The very first burglar alarm systems installed by Edwin Holmes in the 1800s consisted of simple door contacts that would activate an alarm signal at the central station when the door was opened. These first door contacts were mechanical, with a strip of metal positioned so that when the door was opened it would open or close an electrical circuit.
The next evolution in door contacts was the development of the two-piece contact, where a magnet was installed on the moving part of a door, window, or other opening. When the door is closed, the magnet is within close proximity to the contact device, which today contains a sealed reed switch that typically is closed and completes a circuit when the magnet is nearby.
As alarm systems have become more sophisticated, the methods of attacking and defeating alarms have also evolved. One way a burglar can defeat a standard door contact is to place a large magnet near the contact location. The large magnet can keep the standard reed switch closed even as the door or protected opening is being opened by the intruder and the dealer-installed magnet is moved away from the contact. A piece of duct tape can hold the foreign magnet in place, and the burglar can enter without activating the door contact and tripping the alarm system. A more sophisticated burglar would use smaller magnets and surreptitiously glue or tape the magnets onto the contact while visiting the target location during business hours, which can defeat the contact’s function and prepare that door to be violated.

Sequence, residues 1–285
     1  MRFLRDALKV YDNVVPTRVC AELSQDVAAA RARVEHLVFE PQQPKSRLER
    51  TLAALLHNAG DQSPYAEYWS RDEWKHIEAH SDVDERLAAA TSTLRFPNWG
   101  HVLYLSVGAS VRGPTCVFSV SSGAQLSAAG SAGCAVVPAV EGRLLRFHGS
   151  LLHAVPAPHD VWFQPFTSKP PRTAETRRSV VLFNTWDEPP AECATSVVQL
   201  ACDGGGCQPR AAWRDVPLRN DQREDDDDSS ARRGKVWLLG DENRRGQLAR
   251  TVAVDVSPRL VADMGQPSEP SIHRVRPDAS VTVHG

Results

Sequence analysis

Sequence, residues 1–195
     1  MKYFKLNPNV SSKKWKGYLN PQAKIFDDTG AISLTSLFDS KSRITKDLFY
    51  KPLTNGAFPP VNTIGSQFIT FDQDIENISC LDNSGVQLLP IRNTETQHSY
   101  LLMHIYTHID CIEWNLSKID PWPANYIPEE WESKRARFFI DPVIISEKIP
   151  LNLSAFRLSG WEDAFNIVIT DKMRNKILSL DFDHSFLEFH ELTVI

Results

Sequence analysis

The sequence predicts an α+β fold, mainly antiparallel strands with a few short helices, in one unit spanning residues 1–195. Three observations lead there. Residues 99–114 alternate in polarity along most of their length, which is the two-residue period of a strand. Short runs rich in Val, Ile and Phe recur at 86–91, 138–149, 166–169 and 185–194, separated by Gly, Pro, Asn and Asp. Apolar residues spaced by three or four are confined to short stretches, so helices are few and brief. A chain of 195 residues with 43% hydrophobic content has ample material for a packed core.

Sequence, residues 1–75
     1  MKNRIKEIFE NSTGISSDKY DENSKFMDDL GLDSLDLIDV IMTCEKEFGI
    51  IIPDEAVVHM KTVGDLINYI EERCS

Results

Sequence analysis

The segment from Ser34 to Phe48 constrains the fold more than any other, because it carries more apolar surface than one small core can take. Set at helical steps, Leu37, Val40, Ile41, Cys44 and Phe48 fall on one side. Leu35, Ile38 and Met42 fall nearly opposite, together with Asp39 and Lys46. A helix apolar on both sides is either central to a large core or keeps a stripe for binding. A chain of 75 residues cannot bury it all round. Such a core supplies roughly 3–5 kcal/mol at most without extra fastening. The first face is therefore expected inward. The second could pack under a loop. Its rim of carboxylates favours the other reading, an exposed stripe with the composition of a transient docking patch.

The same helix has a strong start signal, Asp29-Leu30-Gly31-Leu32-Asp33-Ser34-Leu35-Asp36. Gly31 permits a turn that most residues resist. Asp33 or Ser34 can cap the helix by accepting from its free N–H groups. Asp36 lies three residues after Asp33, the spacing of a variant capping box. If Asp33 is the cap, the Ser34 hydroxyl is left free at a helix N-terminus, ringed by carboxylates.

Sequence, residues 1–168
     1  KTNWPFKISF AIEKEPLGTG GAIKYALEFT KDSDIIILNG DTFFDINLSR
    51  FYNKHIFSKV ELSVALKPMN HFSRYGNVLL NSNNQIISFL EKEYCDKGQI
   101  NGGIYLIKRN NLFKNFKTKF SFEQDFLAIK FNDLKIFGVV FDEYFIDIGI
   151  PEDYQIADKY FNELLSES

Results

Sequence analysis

Customers such as banks, jewelry stores, and other locations where high-value items could be stolen are candidates for the use of balanced high-security contacts. In a balanced contact, there is an internal magnet installed within the contact portion, which works with the external magnet that is attached to the moving door of a safe or high-value storage door. The special reed switch within the contact will maintain a closed or secure position when the door or safe is closed, with the two magnets maintaining the proper magnetic force to keep the reed switch in the closed position. If a foreign magnetic force is introduced, the reed switch will open causing an alarm signal to activate.
Security dealers should consider the use of balanced contact sets when protecting any clients’ storage areas that contain cash money, jewelry, artwork, bullion or other high-value items that are particularly attractive to professional thieves.
It is also important to have the contacts that are installed on these high-value storage units to be connected to unique zones on the control panel, with those zones programmed for either daytime chime or 24 hour burglar alarm sounding and reporting. The client should always be audibly notified when their safe or valuables storage room is opened, whether it is during business hours or otherwise.
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